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HomeAircraftHelicopterRadio - Servo - Gyro - Gov - Batt › Ratcheting servo- what's that noise?
06-25-2014 01:50 PM  3 years agoPost 1
BOB WHO?

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Downey, Ca.

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I crashed my Goblin 700 Sunday and thought I got off cheap. The only real damage seemed to be blades, linkage rods, and a few minor adjustments that were required. When I installed new main blades and plugged in the heli I heard a clicking in the aileron servo. Although I had checked all servos after the crash and all appeared to be fine, sure enough, I had what seemed to be a bad gear (usually the final output gear). I took the servo (BLS156HV) apart and discovered what I had expected, a bad final output gear. I have spare gears so I replaced this gear and tested the servo on the bench before re-installing it. It behaved like a new servo with full range of motion and no unusual noise. Then after installing it and powering up the bird I heard a weird ratcheting noise when I moved the gimbal from right to left only. So I dissembled the servo again and checked for pieces of the damaged gear the I might have missed. No pieces and no other damage to the other three (3) gears were found. All gears are lubricated and the cases are not cracked. Still when powered up there is a ratcheting sound when moving the stick in one direction only. When not powered up but by moving the servo arm by hand, this same noise is heard from one end of the range of motion to the other in both directions. The gears are fine, all of them. And the servo seems strong when powered up with no slipping or catching just the ratcheting noise. I do not plan to fly the heli with this servo and I do have an extra servo to replace the ratcheting one. I just cannot figure out this noise and would like some ideas. What do you guys think?

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06-25-2014 02:45 PM  3 years agoPost 2
Pistol Pete

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Seffner, FL

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Did you replace all the gears or just the "suspected" one.

If not, you could have one slightly bent or misaligned tooth as such sounds are definitely mechanical and not electrical.

EDited:
If you do replace all gears and it still does it, you could possible have a bent pin.

~~Enjoying the hobby one flight at a time~~

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06-25-2014 05:39 PM  3 years agoPost 3
Chief_USN

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Chesapeake, VA

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I had this happen a couple of years back with one of my 9252's. Brand new set of gears and had a ratcheting sound like you're describing. I swore it wasn't the gears because hey, they're brand new out of the package. After asking a couple of buddies at the field if they had any 9252 gears, I found another set, and low and behold, the ratcheting was gone. After getting home and looking at the gears through a magnify glass, I could see that one or two teeth on one of the gears weren't molded or grooved right and that was causing the ratcheting. To verify, I put the gear in a silent servo and the ratcheting came back. Took that gear out and all was good again. Just because they are new gears, don't rule them out.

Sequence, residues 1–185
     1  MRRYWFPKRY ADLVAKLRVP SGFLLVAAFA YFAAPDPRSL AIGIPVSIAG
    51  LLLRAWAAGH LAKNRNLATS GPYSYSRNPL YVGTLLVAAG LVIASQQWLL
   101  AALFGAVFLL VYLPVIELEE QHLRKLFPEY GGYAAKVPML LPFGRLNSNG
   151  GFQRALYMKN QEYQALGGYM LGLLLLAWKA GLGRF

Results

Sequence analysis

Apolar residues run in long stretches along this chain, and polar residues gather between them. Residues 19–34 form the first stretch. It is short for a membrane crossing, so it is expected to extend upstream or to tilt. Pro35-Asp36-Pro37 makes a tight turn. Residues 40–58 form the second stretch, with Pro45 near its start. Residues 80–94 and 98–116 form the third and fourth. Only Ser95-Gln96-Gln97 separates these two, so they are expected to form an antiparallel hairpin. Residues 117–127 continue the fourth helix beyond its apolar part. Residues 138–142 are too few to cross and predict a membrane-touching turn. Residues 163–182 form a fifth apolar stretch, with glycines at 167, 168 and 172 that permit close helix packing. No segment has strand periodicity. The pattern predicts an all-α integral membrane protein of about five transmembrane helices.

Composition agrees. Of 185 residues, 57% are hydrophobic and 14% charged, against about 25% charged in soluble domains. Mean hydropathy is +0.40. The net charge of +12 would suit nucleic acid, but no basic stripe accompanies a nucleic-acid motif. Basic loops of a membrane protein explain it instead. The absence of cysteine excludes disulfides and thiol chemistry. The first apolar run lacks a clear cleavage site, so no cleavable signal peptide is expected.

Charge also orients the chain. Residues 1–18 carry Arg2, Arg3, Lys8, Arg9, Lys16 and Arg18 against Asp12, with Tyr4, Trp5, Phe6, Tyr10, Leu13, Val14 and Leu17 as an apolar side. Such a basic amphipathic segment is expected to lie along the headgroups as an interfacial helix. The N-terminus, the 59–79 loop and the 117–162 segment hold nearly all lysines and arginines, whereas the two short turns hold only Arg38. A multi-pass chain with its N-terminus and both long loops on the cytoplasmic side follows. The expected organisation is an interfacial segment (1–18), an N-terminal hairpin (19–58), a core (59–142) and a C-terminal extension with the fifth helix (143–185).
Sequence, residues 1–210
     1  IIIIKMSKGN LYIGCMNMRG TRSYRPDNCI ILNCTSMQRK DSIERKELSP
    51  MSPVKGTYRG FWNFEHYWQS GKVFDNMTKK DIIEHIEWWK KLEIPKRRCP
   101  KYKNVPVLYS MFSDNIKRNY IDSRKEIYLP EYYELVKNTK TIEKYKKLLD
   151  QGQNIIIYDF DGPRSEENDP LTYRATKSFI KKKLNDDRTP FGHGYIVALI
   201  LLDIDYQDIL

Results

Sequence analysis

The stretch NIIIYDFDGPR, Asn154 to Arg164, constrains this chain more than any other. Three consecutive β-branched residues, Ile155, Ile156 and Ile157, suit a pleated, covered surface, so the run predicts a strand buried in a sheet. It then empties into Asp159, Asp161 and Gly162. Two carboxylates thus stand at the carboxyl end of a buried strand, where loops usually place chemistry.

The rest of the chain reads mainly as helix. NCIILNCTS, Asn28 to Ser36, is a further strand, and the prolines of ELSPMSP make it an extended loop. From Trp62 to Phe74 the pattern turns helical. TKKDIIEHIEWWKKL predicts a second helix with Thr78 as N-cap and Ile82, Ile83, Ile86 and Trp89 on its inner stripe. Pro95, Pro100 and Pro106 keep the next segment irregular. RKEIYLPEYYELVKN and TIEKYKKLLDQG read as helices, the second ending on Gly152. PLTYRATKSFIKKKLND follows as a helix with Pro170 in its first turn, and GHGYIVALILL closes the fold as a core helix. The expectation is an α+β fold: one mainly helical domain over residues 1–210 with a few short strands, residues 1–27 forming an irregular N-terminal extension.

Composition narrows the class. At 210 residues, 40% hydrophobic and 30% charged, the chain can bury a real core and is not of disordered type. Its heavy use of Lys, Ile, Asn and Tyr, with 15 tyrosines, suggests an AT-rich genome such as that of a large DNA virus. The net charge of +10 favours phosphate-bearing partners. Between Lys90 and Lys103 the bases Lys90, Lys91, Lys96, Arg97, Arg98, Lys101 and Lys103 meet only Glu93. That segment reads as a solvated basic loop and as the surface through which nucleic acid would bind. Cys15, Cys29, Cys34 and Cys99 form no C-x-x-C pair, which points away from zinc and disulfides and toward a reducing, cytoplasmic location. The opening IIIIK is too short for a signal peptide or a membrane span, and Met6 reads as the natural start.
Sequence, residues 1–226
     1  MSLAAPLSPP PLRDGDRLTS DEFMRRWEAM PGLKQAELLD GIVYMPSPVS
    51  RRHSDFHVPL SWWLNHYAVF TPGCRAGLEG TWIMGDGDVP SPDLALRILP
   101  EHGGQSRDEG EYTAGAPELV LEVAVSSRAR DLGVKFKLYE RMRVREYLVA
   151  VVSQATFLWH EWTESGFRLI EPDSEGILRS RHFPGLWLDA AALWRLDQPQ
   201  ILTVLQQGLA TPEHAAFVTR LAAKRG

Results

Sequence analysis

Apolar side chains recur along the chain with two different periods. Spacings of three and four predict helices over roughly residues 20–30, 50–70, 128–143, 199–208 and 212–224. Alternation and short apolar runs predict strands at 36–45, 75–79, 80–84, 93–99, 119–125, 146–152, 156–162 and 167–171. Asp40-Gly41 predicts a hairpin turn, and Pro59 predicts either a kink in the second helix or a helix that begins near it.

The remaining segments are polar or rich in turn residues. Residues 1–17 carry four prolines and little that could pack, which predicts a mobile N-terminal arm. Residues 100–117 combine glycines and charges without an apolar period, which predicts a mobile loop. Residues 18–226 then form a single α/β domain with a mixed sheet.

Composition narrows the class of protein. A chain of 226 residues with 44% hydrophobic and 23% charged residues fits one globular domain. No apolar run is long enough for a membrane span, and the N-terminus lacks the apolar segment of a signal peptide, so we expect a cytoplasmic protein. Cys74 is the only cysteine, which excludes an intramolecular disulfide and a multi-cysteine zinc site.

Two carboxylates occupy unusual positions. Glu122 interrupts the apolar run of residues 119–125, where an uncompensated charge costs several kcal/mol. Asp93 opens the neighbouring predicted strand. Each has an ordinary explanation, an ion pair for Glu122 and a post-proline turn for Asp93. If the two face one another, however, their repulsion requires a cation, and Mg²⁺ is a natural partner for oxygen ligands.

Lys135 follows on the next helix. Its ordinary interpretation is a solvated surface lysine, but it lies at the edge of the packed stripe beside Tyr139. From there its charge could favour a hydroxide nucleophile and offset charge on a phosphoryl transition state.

Chad

Team HeliProz 12-14
US Navy Chiefs...Unity, Service, & Navigation to the Fleet since 1893

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06-26-2014 02:05 PM  3 years agoPost 4
BOB WHO?

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Downey, Ca.

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No, I have not replaced all the other gears yet. I did not have the other three gears but did order them from Hobbico the same day. I will try that next. It does sound and feel mechanical though. Thanks for that advice as it now makes sense. The likely culprit is the gear next to the output gear...

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06-26-2014 03:37 PM  3 years agoPost 5
Chief_USN

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Chesapeake, VA

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I can't remember which gear it was exactly but it was one with the fine teeth that you can barely see with the naked eye. Not sure what the gears look like in your servo, so take a good look at all of them. Hope you find it.

Chad

Team HeliProz 12-14
US Navy Chiefs...Unity, Service, & Navigation to the Fleet since 1893

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06-27-2014 04:23 AM  3 years agoPost 6
BOB WHO?

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Downey, Ca.

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From my experience in crashing and rebuilding servos (and I've had lots of experience crashing) the final output gear is usually first to go in cyclic servos. I fly metal gear servos, usually Futaba, and they still strip out more often than not in a hard crash. I think the gear that drives the final one might also be more vulnerable than the others. I wish I was not hung up on inverted autos right now, I would save lots of money...

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